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Re: Authoring tools for supplementary language activities

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  • Maryanne
    Hi Robert, Thanks for the information on creating e-books, but I am more interested in online strategy games for language learning, particularly in foreign
    Message 1 of 28 , Nov 26, 2012
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      Hi Robert,
      Thanks for the information on creating e-books, but I am more interested
      in online strategy games for language learning, particularly in foreign
      languages. There are very few if any strategy/serious games made
      specifically for language learning due to the complexities involved as
      outlined in 10 Key Principles for Designing Video Games for Foreign
      Language Learning
      <http://lingualgames.wordpress.com/article/10-key-principles-for-designi\
      ng-video-27mkxqba7b13d-2/> , but some strategy games made simply for
      entertainment and available in languages other than English can be used
      as supplemental material for L2 learning. Those are the types of games
      I am looking for. Any help would be appreciated.
      Maryanne

      --- In evonline2002_webheads@yahoogroups.com, "Squires, Robert"
      <robert.squires@...> wrote:
      >
      > Thanks Maryanne,
      >
      > That's very helpful. Vance is doing a great job of pulling these
      resources together for further exploration. One area that there is some
      interest in is developing an app or interactive ibook, which might serve
      a more strategic need. Ibook's, in spite of their seemingly simple
      interface, are not that easy to work with. (They were created in order
      to convert an existing book into an iBook, so unless you have all of
      your content clearly laid out before you begin, you quickly run into
      organizational difficulties. Interactive media is also difficult to make
      work-and, of course, the books only work on Apple devices). A more
      promising approach is the use of Corona SDK to develop a cross-platform
      e-book application:
      http://www.coronalabs.com/i-want-to-build/ebooks-comics/ . There's some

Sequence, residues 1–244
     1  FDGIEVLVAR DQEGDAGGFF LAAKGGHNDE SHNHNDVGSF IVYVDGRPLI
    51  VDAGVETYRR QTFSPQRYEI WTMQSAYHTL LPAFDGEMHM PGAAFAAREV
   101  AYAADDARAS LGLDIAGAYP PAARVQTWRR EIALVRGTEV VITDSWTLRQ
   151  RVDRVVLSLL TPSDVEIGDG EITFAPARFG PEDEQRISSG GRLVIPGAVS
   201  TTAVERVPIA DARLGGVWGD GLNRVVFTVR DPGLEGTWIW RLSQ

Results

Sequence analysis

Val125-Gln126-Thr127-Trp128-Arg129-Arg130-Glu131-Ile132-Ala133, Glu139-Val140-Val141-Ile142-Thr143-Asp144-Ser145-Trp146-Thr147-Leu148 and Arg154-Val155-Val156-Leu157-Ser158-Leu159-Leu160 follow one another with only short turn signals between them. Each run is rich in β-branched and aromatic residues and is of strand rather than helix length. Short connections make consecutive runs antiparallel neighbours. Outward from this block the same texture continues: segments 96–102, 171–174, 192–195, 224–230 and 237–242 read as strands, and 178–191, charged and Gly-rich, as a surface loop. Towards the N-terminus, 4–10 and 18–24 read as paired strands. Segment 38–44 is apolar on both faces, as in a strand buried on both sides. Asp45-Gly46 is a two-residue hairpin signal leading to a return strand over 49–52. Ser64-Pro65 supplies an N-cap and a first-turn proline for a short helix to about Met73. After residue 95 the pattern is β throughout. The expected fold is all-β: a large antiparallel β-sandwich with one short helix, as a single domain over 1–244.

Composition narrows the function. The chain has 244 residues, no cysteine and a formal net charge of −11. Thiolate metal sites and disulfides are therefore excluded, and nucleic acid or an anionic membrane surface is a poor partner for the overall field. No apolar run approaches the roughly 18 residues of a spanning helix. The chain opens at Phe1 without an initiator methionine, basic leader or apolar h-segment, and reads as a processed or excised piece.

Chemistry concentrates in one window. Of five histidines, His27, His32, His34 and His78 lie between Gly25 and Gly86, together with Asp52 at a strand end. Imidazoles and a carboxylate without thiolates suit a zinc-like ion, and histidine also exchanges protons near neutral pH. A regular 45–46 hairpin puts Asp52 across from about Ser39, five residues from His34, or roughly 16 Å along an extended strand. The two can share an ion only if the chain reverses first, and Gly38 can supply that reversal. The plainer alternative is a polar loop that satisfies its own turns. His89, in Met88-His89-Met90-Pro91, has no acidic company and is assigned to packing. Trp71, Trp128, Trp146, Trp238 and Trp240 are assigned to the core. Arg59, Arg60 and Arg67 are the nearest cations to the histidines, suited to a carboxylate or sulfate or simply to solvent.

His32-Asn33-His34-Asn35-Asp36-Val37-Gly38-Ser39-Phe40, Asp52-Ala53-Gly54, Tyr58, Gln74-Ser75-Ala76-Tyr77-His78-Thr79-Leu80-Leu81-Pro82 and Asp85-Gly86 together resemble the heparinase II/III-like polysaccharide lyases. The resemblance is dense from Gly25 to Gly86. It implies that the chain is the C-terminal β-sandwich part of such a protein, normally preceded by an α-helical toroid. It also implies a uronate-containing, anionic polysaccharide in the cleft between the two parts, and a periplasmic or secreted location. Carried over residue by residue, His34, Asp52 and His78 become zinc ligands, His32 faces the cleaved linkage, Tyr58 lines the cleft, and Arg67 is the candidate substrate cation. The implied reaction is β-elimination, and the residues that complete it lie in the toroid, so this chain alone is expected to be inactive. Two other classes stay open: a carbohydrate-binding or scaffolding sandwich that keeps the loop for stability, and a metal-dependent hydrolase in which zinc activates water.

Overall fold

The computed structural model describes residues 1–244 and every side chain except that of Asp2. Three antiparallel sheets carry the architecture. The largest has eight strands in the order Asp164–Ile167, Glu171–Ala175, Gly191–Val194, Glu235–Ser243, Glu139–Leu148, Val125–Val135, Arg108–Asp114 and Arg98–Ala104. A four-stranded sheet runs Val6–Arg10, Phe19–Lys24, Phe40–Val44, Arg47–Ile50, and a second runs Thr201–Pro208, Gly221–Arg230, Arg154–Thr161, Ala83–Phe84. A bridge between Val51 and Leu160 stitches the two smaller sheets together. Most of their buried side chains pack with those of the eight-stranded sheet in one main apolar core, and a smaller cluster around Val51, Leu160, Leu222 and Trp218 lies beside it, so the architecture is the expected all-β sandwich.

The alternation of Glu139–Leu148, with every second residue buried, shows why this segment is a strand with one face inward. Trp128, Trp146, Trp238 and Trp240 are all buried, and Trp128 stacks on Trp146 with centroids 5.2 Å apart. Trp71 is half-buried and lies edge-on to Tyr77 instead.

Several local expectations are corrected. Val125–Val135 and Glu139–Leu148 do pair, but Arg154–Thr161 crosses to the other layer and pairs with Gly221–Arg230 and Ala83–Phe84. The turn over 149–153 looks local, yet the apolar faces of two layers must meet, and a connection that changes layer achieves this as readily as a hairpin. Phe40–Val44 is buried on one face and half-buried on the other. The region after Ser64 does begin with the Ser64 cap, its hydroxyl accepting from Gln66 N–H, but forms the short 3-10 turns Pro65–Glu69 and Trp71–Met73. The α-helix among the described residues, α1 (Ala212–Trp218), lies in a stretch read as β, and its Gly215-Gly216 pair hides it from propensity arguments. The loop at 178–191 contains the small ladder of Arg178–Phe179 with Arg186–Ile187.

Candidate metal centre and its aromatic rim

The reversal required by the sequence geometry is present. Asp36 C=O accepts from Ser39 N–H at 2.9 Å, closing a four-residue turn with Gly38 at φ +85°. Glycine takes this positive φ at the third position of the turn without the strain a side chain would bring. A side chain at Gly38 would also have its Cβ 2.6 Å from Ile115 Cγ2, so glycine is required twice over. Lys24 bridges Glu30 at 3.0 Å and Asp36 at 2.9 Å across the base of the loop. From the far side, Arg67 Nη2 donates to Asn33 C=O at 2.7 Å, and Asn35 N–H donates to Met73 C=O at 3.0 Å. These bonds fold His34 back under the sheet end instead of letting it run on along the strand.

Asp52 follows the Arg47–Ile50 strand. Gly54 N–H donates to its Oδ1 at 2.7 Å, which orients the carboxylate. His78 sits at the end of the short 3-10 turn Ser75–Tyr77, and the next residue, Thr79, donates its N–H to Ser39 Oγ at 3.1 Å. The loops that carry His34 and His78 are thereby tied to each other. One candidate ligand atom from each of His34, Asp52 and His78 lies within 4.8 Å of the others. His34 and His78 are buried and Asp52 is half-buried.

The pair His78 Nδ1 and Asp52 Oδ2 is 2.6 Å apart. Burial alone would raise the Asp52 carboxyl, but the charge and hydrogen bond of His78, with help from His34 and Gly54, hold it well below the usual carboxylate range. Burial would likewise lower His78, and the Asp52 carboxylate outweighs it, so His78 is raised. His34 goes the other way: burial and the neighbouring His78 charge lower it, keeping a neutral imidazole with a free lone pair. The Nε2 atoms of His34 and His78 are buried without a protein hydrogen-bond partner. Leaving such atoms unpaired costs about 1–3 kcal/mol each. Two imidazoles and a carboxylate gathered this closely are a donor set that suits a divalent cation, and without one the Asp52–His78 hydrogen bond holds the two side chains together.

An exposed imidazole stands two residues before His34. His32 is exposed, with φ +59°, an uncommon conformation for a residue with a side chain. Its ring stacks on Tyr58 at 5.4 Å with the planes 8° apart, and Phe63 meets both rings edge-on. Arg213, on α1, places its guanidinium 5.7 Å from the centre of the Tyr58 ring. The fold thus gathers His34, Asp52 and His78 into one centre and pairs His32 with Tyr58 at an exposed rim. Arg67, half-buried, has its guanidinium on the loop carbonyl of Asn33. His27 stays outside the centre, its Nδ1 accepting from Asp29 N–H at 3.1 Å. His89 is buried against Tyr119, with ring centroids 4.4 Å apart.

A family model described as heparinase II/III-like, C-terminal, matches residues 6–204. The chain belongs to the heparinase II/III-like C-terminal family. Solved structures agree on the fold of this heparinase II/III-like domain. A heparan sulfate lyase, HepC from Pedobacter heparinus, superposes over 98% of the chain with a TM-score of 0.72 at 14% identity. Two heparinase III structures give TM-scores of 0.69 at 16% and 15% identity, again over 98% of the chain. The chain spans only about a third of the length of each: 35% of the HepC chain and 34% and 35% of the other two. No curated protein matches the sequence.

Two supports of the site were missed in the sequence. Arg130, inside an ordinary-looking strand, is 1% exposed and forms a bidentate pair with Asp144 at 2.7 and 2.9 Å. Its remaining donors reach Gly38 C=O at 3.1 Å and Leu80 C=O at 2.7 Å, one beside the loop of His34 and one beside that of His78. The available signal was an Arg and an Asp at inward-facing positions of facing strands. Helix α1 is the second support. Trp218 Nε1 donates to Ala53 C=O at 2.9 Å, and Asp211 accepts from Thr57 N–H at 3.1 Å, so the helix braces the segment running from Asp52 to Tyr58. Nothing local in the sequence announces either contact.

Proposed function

additional plugins that allow you to work directly in Adobe Creative
      Suite to create your images, animations, and you can preview the whole
      book on various devices as you progress. It's still a fair amount of
      work, but at least you get a product of maximum value.
      >
      > Robert
      >
      > From: evonline2002_webheads@yahoogroups.com
      [mailto:evonline2002_webheads@yahoogroups.com] On Behalf Of Maryanne
      > Sent: Monday, November 26, 2012 7:24 AM
      > To: evonline2002_webheads@yahoogroups.com
      > Subject: [evonline2002_webheads] Re: Authoring tools for supplementary
      language activities
      >
      >
      >
      > Robert,
      > Robert,
      > In researching information on games in language learning, I found A
      > Comparison of Computer Game and Language-Learning Task Design Using
      Flow
      > Theory <http://callej.org/journal/12-1/Franciosi_2011.pdf> by Stephan
      > J. Franciosi quite on target regarding supplemental material for L2.
      > In his article Franciosi suggests that both serious games
      > <http://en.wikipedia.org/wiki/Serious_games> and casual games
      > <http://en.wikipedia.org/wiki/Casual_games> can play a role in second
      > language development. He states that arcade type or flashcard games
      > would work well for practicing discrete subsets of skills because they
      > tend to be repetitive and require players to practice isolated or very
      > small sets of skills, and come with the added benefit of a dynamic,
      > computer-mediated interaction that supports flow ( p. 21). On the
      > other hand, role play games, strategy games or simulations can be used
      > to integrate skills in holistic problem-solving activities... ( p. 15)
      > What the Spanish professors seemed to be looking for were casual games
      > templates that they could use to create additional practice for
      discrete
      > subsets of skills, but they might also consider looking for "serious"
      or
      > "strategy games" to use as motivational supplemental activities. For
      > strategy games they could look at Big Fish Games
      > <http://www.bigfishgames.com/online-games/index.html> . I believe you
      > have 1 hour of free play, but some games require a download). You
      > click the word English in the upper right-hand corner for a drop down
      > menu of languages available and then click strategy games. Third World
      > Farmer in Spanish <http://p-3rd-world-farmer.bajar.toggle.com/> is
      also
      > an option. A good blog with ideas for using games for L2 is Kyle
      > Mawer's Digital Play <http://www.digitalplay.info/blog/> . He offers
      > practical ideas for having students work alone or collaboratively to
      > create "walk-throughs" for games. Personally, I have been looking for
      > more good strategy games in Spanish, French or other languages. If
      > anyone knows of any, please share. :-)
      > Maryanne




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